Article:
So these negotiations were done on a package. So there is a balance which is not mathematical. It is essentially a political balance that is struck. Now, what I understand as the American position at this point in time is that we have to revise this, you know. These were bad deals. So, I’m simplifying, of course, a very complex scenario, but it’s just to say that we can understand the legitimacy and the perplexity of some situations, but those situations are not there by accident. They are there because there is a history behind them and this is why we got to these tariffs and these commitments negotiated in the W.T.O.
DUBNER: Well, let me ask you this: Trump’s methodology — in addition to actually enacting tariffs that are larger and more dramatic than we’ve seen in the past, his methodology is different in that he communicates directly to the world primarily via Twitter. The trade negotiations the W.T.O. works on are multi-year, considered, done around a table with a lot of negotiators and arbitrators, and are kind of the opposite of a 280-character political message. And I’m really curious about the degree to which those proclamations are essentially effective as bargaining statements, and the degree to which they are chaotic.
AZEVÊDO: I think the problem you have with short but very strong, concise, and clear messages, sometime, is that you you get the concern, you get what the problem is, or what is annoying that party; but what you don’t get is clarity about: Okay, so how do we fix this? Sometimes the answer to this question is very broad in nature and asks for things that clearly are impossible to do. So the option on the other side is to either live with this uncertainty or take action that assumes the worst. And that I think is not the best way to proceed.
I think what we need is not only to understand the concerns. What they need to understand now is: so what? What do we do now? What are the things that we need to do, reasonably speaking, that can be done? How to actually roll up their sleeves, work, and figure something out that is acceptable to everyone? That’s a big challenge.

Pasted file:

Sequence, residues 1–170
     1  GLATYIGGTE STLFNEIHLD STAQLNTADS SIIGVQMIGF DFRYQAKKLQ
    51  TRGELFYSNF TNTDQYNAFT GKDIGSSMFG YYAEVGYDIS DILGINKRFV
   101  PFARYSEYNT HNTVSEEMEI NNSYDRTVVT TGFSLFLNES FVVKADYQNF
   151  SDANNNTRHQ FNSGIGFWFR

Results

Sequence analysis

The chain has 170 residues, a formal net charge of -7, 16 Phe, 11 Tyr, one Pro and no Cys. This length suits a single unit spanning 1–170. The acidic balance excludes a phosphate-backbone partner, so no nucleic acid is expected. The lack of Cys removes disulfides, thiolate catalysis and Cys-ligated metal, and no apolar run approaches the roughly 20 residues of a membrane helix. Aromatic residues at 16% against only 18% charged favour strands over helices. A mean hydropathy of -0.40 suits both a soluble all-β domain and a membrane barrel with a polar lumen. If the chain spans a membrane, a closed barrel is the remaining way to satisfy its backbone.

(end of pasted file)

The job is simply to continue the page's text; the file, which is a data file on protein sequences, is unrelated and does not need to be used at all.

DUBNER: So are those challenges being met? Are those long and hard conversations actually happening? Or are we in more of a kind of stormy holding pattern at the moment?
AZEVÊDO: I think we are progressively moving forward and making progress. I remember maybe a couple of years ago, there was a G20 meeting in Hangzhou in China, and I made a presentation and I explained the situation of technology and the impact that it had in the labor market. And I gave this figure: 80 percent of the jobs lost are lost to new technologies. Everybody was surprised. And that was just two years ago. And some people came to me right there when we broke for coffee and said, “Where did you get those numbers; how did you get this information?” I say, “It’s out there. We’re just not looking for it.”
We’re not looking for the causes of all this but if we do, the causes are pretty evident. In two years’ time, everybody is talking about this now. This is no news any longer. And some have already begun to talk about reforming the system, reforming the W.T.O. They realize that some of these concerns have roots in shortcomings of the system. And unless we address this, these kind of tensions that we see today in terms of trade are only going to increase.
So recently, I think, President Trump and President Juncker of the E.U. said that a W.T.O. reform was a need. The E.U. and China are working on a joint working group on W.T.O. reform. There is a conversation between the U.S., the E.U. and Japan about W.T.O. reform. Canada has called a ministerial meeting on these issues. All this is still in the early stages. I know the question will be: so what will be the reform? I don’t know what the reform’s going to be. There is a long way to go.
DUBNER: In addition to President Trump critiquing the W.T.O. itself — calling it “a disaster,” saying “if they don’t shape up, I will withdraw” — and his tariff activity, the U.S. has also been blocking the appointment of a W.T.O. appeals judge, without whom the organization could really be stymied to some large degree. I’m curious if you could talk about what you are doing to try to keep the W.T.O. from being paralyzed or stymied?
AZEVÊDO: We have to fix this situation as soon as we can. By the end of next year, we may reach a critical moment when we have less than three appellate body members. That means that with less than three, we cannot hear an appeal and therefore, basically, the system of dispute settlement collapses.
But having said that, members are looking at alternatives. The first option, of course, is to get a conversation going. The misgivings of the U.S. administration with the dispute-settlement mechanism of the W.T.O. is not new. I myself had heard that before, from previous administrations. People have been asking. “So if you are not happy with the system, what do you think needs to change? How do we fix the problems you have?”
Of course, some things are not negotiable. The system will have to continue to be independent. It will have to continue to be impartial. But it can function better. What is also a bit peculiar is that the United States has been bringing cases to the W.T.O. They just brought five a few weeks ago.
DUBNER: Can you give an example where another country, a single country, held something up and what was the resolution?